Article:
In today’s world of “at-will” work, it seems like your employer can fire you for just about any reason at all, but that’s an illusion. Employers don’t exactly have to have a good reason to let you go from your job — but they cannot fire you for an illegal one. If your employer violates the law, you may have a case for a wrongful termination claim.

Since you can’t exactly rely on your employer to admit to a wrongful firing, here are some of the signs that should put you on alert:

You had an unfulfilled contract.

Contracts impose legal obligations on both parties — and your employer can’t just act as if your contract didn’t exist. A contract won’t always prevent you from being fired, but it can obligate your employer to buy you out of your position or walk through certain steps before dismissing you.

Keep in mind that a contract can also be implied. For example, the employee handbook may assure you that you’re entitled to three written warnings before you can be fired. If so, your employer is obligated to give you those warnings before letting you go.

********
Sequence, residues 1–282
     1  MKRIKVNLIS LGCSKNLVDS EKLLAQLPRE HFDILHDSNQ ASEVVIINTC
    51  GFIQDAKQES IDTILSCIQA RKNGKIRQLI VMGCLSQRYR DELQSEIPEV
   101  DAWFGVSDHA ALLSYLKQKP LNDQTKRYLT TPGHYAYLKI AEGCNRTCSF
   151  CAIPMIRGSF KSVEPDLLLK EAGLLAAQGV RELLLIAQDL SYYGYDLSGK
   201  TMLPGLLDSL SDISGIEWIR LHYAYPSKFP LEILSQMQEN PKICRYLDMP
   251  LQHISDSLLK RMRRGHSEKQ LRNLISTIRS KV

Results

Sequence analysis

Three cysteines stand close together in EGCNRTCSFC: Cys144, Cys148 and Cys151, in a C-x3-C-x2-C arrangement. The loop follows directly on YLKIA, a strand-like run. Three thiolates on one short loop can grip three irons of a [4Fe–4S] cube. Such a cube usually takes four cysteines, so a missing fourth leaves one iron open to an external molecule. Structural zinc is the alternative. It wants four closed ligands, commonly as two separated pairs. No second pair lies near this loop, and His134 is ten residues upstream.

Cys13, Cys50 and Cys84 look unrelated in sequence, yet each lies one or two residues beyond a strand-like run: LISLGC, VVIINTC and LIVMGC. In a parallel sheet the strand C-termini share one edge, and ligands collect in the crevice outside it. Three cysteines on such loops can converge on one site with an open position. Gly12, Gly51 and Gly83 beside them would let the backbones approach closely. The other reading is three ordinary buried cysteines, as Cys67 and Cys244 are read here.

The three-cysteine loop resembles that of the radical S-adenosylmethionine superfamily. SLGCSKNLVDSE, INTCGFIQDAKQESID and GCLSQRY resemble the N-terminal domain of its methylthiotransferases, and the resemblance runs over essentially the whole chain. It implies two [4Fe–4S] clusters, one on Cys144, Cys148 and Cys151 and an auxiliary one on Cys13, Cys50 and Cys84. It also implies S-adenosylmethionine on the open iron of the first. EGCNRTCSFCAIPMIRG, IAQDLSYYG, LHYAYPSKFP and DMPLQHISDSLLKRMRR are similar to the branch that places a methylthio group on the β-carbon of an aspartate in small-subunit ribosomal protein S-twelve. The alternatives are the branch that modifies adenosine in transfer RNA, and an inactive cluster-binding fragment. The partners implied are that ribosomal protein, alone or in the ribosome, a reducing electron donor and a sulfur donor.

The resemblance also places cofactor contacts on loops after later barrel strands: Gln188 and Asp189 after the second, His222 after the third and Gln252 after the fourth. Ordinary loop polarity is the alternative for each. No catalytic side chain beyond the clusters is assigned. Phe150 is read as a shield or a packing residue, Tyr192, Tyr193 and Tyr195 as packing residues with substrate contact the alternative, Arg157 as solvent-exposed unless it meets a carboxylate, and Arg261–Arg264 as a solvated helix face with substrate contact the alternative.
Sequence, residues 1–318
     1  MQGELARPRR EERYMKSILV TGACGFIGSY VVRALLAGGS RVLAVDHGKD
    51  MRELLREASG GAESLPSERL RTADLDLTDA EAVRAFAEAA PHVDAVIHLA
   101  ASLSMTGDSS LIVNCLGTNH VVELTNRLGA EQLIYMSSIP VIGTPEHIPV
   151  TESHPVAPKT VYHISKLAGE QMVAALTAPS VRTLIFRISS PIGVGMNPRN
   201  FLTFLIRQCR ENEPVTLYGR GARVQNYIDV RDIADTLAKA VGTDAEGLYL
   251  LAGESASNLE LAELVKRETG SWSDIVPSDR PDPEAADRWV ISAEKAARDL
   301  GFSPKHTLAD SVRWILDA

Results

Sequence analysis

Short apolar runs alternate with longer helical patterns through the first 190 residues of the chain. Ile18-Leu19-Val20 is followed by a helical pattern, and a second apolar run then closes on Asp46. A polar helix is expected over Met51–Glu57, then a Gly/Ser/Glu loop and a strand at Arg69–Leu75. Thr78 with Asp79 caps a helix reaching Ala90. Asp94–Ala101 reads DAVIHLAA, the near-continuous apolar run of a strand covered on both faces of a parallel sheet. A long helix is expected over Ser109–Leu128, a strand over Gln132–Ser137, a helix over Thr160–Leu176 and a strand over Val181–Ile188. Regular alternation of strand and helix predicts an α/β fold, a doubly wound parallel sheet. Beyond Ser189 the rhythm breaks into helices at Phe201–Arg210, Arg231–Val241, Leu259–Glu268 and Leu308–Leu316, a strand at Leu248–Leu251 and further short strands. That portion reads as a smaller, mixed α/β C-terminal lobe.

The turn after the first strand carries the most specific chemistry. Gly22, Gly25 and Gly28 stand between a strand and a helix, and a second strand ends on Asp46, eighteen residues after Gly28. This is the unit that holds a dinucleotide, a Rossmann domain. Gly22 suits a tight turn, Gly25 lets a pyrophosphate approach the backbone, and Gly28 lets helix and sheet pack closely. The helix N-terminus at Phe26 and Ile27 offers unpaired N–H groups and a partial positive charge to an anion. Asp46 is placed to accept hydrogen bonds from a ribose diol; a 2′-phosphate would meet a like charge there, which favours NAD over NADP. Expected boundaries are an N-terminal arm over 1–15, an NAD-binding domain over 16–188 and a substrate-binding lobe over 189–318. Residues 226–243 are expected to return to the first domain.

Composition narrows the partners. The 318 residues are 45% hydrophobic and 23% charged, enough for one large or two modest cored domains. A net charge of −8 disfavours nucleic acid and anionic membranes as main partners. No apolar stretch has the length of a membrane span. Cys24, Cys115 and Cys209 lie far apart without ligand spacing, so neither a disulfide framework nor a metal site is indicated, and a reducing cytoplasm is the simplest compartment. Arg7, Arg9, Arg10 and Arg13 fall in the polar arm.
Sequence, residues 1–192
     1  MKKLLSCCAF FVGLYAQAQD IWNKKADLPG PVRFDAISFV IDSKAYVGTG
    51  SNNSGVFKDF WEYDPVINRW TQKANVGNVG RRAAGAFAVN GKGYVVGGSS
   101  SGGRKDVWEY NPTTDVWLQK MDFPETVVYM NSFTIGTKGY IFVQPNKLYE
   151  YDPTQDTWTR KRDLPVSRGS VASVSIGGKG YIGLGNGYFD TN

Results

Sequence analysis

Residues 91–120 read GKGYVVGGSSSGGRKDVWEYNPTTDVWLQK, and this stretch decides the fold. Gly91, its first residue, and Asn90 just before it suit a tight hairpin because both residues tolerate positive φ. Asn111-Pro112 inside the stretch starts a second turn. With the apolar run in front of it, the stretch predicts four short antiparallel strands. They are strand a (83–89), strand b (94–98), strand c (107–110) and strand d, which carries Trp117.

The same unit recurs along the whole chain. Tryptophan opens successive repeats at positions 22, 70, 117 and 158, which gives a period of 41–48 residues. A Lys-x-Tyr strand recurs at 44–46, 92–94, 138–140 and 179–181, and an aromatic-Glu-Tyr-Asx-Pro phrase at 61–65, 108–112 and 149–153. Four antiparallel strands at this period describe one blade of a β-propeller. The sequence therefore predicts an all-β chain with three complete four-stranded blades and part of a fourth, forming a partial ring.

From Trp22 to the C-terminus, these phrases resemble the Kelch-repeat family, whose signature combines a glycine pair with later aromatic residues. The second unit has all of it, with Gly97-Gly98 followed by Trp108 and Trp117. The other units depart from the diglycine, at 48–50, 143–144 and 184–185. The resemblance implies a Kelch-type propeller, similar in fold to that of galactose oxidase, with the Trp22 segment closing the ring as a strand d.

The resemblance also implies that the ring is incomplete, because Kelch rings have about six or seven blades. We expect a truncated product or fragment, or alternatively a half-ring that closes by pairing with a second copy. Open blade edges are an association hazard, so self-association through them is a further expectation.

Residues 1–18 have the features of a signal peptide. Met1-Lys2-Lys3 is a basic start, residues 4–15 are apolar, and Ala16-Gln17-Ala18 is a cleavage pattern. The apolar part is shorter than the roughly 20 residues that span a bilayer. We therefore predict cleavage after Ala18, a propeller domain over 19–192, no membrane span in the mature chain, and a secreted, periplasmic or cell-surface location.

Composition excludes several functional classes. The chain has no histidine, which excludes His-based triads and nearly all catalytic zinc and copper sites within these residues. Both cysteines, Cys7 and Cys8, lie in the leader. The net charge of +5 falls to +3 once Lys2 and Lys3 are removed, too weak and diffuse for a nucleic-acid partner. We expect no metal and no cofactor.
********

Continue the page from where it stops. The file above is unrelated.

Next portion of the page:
Your firing was discriminatory.

Employers can never fire someone simply because of that person’s age, race, gender, disability, national origin, religion or pregnancy, among other things. Most employers won’t openly admit that they’re discriminating, but you may be able to tell what’s happening through observation and other clues.

For example, imagine that your boss is a devout Evangelical who pressures you to come to church — and you admit that you’re an atheist. Suddenly, although you’ve always had good performance reviews in the past, your boss seems unhappy with you. You’re quickly written up and subsequently fired for your poor performance. You’d be well within your rights to be suspicious that the real motivation behind your firing was your religious convictions, not your work.

You think your employer was retaliating.

Some employers respond to complaints (and anything else they find inconvenient, like unionizing) by firing “problem” employees. However, it is often illegal to fire someone for exercising their rights.

For example, if you were fired after you filed a workers’ compensation claim, that could be an act of retaliation — particularly if your employer tried to discourage you.

If you think you were wrongfully fired, find out more about your legal options today.